A reader of last week’s blog about secrets and sexual abuse responded with a powerful question. And it might just be a question you share with him…
My secret had me convinced that the true me couldn’t be shared. Instead, I believed it was necessary to create an alternate version of me that would be accepted by others.
Most of us want to believe we are good people, right? So what happens when we discover we’ve been hurting others in ways we didn’t realize? Well, shame is often the first feeling to show up. But it doesn’t have to be the last…
What happens when our focus moves so wholeheartedly to the final goal that we lose touch with the micro-moments that make up our journey toward it? It means that our micro-moments stop mattering to us. They become an annoyance instead of the part of our life through which nudges and guidance can come. Isn’t that wild to realize?
As I moved into a ‘Soft I Don’t Know’, I felt relief. My shoulders became lighter. I started laughing again. It became easier to be present without working so hard at it. My mind relaxed even though all the solutions weren’t yet here. My anxiety and sense of responsibility to find all the fixes for my stress dissipated and my list of worries grew shorter despite the fact that uncertainty remained.
It’s hard to hear the wisdom of our inner compass when we’re moving at the speed of light. Yet we don’t need to bring the pace to a fast and complete halt to begin to feel better.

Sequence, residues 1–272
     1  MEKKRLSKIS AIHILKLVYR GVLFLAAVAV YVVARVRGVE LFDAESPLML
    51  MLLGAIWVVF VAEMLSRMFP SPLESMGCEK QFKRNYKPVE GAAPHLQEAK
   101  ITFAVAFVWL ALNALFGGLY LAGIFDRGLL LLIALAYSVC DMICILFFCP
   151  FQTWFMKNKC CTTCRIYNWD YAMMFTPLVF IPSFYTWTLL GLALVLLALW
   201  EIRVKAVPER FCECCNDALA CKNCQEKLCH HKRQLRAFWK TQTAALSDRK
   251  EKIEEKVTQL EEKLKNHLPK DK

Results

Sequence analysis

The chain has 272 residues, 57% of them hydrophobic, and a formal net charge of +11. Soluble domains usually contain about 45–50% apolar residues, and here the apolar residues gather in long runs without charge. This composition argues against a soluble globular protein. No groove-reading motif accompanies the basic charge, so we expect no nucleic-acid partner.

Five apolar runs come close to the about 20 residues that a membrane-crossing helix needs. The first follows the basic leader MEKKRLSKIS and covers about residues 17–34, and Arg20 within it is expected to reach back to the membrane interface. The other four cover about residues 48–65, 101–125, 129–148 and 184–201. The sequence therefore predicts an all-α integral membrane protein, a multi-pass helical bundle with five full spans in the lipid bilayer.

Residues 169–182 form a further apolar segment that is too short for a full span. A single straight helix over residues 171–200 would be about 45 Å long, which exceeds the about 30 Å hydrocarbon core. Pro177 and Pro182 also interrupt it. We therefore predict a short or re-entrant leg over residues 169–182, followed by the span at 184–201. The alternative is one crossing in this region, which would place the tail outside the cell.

The year after I graduated from college, I was in the early throes of navigating a chronic illness that lasted another 8 years and completely altered the life that I’d known up to that point.
It’s time to let go of working so hard to try to succeed at self care and instead have your self-care happen with more ease.
I’ve hit patches of stress overload so many times in my life. And each time, I subsequently hit a wall of overwhelm and paralysis that used to stop me in my tracks. But as I’ve learned to respond differently to that wall, guess what happens? The stress I experience in the presence of the wall notably decreases and I recover from the overwhelm so much faster.
Can you guess what was special about February 6th for me? It marked two years since my sweet, cancerous thyroid flew on to other adventures. And she sure taught me a helluva lot before she headed out.